AH: In my opinion, we’ve incorporated pop elements into our sound from day one. Actually, we probably take more offence to the term ‘experimental’ than ‘pop’. So if people are going to classify Mess as a pop record then I’d take it that as a compliment. Because it means that there’s something immediate about Mess that people can latch on to. I mean, for me, making strange sounds and forcing them into a hook is the most exciting thing about making music. But in the end, I suppose Mess is really about not thinking too much, and if that works for Miley Cyrus then why not us? I mean, Miley Cyrus doesn’t sit around pondering what her fuckin’ favourite Fassbinder film is, does she? Well, maybe she does, who knows?

AA: In my opinion, it’s all very subjective. If what you really mean by ‘pop’ is ‘accessible’, I remember loads of people telling us they thought WIXIW was our most accessible record, which I always thought was our most experimental. It certainly was in terms of making it.

Do have a favourite pop artist?

AH: Definitely Prince. Prince fans will probably be all piss-y about this, but my favourite Prince music is his stuff with The Revolution, in the way that it seemed to defy all pop boundaries at the same time as working within them. And it was like it was everything all at once: heavy metal, pop, funk, hip hop.

AA: I’d have to say Britney. Britney’s whole incredible career of massive ups and downs really draws me in. And also, ‘Toxic’ is definitely in my top-twenty tunes of all time.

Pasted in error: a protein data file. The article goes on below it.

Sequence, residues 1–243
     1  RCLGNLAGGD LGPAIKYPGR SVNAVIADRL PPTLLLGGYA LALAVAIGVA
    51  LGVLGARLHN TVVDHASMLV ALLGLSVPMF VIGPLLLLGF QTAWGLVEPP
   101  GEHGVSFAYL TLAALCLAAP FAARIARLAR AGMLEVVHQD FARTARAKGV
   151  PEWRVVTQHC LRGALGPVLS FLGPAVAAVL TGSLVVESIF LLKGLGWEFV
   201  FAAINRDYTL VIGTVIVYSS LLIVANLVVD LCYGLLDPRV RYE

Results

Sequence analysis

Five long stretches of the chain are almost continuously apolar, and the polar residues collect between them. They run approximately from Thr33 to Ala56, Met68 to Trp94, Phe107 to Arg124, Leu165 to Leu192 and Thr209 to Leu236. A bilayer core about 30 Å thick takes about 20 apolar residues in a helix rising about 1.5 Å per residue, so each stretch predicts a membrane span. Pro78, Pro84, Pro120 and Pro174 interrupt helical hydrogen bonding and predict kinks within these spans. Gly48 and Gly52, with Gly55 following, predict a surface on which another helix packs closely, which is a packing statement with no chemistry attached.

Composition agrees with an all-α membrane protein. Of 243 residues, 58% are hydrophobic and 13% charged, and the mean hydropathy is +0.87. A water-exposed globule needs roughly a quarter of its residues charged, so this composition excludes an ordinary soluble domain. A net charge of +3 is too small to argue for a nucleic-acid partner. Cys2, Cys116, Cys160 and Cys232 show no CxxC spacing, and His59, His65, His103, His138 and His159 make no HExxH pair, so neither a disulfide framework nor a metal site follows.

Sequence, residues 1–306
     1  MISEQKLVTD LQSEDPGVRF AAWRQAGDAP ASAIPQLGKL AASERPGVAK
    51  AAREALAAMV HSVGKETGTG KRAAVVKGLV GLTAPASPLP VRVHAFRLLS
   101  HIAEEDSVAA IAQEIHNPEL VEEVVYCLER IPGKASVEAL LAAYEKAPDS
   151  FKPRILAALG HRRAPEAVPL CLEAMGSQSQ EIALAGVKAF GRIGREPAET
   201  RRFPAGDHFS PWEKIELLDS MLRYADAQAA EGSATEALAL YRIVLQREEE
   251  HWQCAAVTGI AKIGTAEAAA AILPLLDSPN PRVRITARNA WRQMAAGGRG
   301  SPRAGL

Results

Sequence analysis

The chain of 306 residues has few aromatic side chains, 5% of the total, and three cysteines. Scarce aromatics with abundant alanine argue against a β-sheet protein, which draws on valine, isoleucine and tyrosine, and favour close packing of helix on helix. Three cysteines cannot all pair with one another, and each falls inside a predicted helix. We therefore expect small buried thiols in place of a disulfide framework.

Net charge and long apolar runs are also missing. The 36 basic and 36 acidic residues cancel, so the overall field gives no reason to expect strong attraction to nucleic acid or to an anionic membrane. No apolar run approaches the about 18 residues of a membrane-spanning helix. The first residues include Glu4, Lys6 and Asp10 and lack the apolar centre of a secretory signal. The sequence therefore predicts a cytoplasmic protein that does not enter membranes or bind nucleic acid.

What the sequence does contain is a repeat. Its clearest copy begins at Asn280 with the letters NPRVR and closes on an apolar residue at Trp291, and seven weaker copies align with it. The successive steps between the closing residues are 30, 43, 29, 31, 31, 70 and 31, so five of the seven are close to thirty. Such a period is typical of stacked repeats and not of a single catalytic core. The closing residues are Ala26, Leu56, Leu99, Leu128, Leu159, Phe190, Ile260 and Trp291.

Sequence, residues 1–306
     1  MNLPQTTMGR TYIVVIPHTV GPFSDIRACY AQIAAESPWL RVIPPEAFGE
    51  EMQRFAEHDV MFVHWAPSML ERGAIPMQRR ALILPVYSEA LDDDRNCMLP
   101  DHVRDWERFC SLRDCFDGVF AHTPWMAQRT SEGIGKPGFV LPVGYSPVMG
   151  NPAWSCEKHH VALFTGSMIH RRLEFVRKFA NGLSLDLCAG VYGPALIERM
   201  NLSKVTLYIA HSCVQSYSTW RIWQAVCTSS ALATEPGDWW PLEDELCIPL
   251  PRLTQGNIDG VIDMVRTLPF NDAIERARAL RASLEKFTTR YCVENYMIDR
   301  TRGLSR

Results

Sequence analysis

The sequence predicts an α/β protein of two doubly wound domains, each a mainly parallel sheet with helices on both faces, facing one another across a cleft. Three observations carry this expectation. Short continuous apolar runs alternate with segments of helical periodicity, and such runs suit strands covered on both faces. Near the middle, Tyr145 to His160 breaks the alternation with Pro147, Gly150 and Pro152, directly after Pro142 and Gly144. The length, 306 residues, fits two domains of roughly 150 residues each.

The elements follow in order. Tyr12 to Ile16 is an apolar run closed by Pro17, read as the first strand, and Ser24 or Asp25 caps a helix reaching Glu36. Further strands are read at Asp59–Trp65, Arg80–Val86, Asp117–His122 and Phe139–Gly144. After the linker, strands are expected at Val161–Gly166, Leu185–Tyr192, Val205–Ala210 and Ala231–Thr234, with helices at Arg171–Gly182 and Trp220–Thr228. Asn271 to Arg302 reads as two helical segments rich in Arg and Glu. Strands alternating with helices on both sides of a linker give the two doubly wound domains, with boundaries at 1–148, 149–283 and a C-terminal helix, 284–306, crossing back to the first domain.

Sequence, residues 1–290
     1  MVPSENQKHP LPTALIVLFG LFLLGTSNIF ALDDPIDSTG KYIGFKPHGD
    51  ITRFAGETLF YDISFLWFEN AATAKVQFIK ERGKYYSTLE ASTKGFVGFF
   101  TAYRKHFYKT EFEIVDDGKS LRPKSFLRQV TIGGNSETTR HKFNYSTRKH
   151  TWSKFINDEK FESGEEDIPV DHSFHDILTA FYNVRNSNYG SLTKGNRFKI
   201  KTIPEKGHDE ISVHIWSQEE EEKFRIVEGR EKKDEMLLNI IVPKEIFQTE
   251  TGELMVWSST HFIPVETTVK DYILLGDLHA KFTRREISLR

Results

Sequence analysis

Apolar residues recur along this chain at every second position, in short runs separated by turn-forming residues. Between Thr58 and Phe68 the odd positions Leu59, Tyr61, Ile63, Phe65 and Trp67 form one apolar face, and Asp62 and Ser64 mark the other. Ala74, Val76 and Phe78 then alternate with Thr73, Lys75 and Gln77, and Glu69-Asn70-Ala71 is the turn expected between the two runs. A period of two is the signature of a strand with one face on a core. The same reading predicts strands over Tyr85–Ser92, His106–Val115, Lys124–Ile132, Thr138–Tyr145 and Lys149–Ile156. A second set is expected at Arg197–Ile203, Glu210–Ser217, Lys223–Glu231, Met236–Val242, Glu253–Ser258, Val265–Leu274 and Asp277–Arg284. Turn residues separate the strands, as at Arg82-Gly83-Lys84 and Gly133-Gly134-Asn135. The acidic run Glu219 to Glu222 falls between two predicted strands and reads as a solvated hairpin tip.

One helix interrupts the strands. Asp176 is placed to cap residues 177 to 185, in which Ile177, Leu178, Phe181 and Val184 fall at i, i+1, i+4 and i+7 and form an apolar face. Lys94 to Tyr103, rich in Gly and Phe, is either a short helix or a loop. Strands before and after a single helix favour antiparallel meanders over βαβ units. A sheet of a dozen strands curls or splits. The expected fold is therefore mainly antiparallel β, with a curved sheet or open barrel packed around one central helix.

Have you played the songs live yet? How’d that go down?

AA: Yeah, we took the songs on tour at the end of last year. We played them in various festivals and the reaction was good enough that we thought, yeah, we should put this record out. I mean, if everybody had been like ‘BOOOO’!’ then I think we’d have probably thought twice. But we were surprised at how immediate the response was from the crowds. They kind of went mental.

Any remixes of the Mess tracks in the pipeline?

AA: Yeah. We have three remixes completed for the first single [‘Mess On A Mission’]: one by Silent Servant, one by SFV ACID and one by Black Bananas. And I know that Factory Floor have started work on the second single.

Who produced the album?

AA: I did. Talking about ‘assignments’ earlier: it was my assignment to keep it all together, and do all the work to get the material to the point where the album can be mastered.

“Britney Spears’ ‘Toxic’ is definitely in my top-twenty tunes of all time.”

Is that a sample at the start of ‘Mask Maker?’

AA: No, that’s actually from a recording of me using a voice effect and talking to myself for a few hours alone in the studio. Basically it’s me trying to freak myself out.

Out of all the Mess tracks, what’s your personal favourite? Which one are you most proud of?

AA: Um…I’d actually have to go with ‘Mask Maker’. In my mind it epitomises our policy of immediacy and not thinking about stuff too much on Mess. Like, had I been given another month to work on the track, I’d have probably meddled with it endlessly, ended up second-guessing myself and then changed it. For instance, I’d probably have gotten cold feet with the whole voice-sample part.

Lastly, Liars are kind of a apocalyptic prospect. Any thoughts on the crisis in Ukraine?

AA: Oh. Well, probably I’m a little naïve when it comes to like, geo-politics…but the way I see it, isn’t American opposition to what the Russians are doing a bit like double standards? I mean, America’s always been quite happy to drop into foreign soil if the results of, say, an election aren’t to their liking.